The topic of what the British uplands should look like in 100 years time is much discussed and everyone has a view.
The visible threat to our existence posed by climate change when combined with some fundamental changes to the subsidy system post Brexit means that policy makers are very focused on what landscapes can do for the greatest possible good. This creates inevitable tensions from a vocal constituency promoting ‘rewilding’ who seek to end many of the ‘traditional’ uses of moorland landscapes.
In the case of the Powys moors, can farming and recreation compliment the ability for these hills to process rainfall, store carbon, clean the air and host globally rare habitats and bird species? In short, is the way these moors are managed making the most of what this natural environment can do for society? Public money will only go towards public goods in the widest possible sense.
We believe that with the right resources and focus, a sensible balance can be struck. The catch, of course, is that new funding is required to achieve this outcome. This is because nothing is free and the current Government funding ends in 2020.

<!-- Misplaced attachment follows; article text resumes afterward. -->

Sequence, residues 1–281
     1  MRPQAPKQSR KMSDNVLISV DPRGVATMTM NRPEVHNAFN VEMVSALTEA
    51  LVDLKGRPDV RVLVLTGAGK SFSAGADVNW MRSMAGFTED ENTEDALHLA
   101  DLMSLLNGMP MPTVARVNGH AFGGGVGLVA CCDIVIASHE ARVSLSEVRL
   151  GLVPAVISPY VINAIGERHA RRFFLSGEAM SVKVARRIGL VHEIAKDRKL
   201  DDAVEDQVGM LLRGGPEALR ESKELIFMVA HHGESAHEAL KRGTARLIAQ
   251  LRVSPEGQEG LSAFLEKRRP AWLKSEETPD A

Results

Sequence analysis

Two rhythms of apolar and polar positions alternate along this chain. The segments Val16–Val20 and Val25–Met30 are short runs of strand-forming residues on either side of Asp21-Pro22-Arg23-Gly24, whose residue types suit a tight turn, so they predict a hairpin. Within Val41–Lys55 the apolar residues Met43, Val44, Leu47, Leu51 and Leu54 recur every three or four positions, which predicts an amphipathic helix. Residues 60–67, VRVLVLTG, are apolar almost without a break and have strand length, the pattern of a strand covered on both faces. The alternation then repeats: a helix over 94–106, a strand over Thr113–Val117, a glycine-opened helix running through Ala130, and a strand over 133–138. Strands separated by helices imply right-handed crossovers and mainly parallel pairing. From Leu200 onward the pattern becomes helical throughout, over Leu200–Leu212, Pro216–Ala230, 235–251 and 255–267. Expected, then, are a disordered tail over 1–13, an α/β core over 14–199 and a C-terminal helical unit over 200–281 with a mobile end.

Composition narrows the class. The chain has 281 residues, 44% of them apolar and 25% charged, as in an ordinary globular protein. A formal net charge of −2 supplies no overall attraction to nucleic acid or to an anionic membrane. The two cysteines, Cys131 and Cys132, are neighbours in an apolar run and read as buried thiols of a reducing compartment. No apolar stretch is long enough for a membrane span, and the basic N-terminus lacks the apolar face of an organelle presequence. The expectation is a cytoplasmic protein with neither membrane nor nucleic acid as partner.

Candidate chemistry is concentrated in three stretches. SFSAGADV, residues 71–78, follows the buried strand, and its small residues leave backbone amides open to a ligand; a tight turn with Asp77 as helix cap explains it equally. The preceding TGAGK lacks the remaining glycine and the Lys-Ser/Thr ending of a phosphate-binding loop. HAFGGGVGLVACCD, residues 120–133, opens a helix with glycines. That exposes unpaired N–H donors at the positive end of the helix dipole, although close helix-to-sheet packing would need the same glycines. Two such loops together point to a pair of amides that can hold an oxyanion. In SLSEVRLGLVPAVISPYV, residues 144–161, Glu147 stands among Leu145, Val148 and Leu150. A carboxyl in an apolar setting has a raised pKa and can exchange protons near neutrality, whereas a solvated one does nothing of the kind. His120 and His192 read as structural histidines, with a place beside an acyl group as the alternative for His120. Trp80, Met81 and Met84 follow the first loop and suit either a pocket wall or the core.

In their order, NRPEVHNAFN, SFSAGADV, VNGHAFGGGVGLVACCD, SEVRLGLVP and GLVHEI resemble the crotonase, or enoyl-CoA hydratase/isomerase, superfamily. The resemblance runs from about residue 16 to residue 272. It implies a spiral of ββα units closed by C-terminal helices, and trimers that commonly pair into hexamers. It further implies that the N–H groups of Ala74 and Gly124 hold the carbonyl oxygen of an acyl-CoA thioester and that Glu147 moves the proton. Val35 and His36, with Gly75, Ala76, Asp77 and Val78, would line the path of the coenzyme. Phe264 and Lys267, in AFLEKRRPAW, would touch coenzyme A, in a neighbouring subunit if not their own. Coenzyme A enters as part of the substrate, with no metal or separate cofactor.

The PMP tasked the experts, Economics For The Environment (EFTEC), to compare the total value of public goods performed by the Powys moors with what they cost to maintain over a 25 year period.
The benefits that provide actual revenues (money from food production and shooting) are far less than the ongoing management costs that sustain these services. But, since the sum total of all these public goods is a large number – it would cost society £13m or £500k annually to secure equivalent benefits if the moors were not there – it’s surely worth securing these benefits and also increasing them.
As custodians of the Powys moors we strongly advocate the need for full time moorland keepers to work with the graziers to prevent wildfires, promote biodiversity and prevent any more loss of rare heather habitat. Visitors come for the great views but the management that we fund gives these lands their uniqueness with heather and rare species more viewable here than almost anywhere else in Wales.
But, to bring your horse, dog, friend, motorbike, 4×4 to this ground is free. Managing the landscape to make it last, mitigate climate change and produce public goods is not free. There is a large gap here. By valuing its Natural Capital the PMP hopes to add some facts and figures to inform future public policy and to slowly narrow the funding gap to sustain the ongoing love that these lands deserve.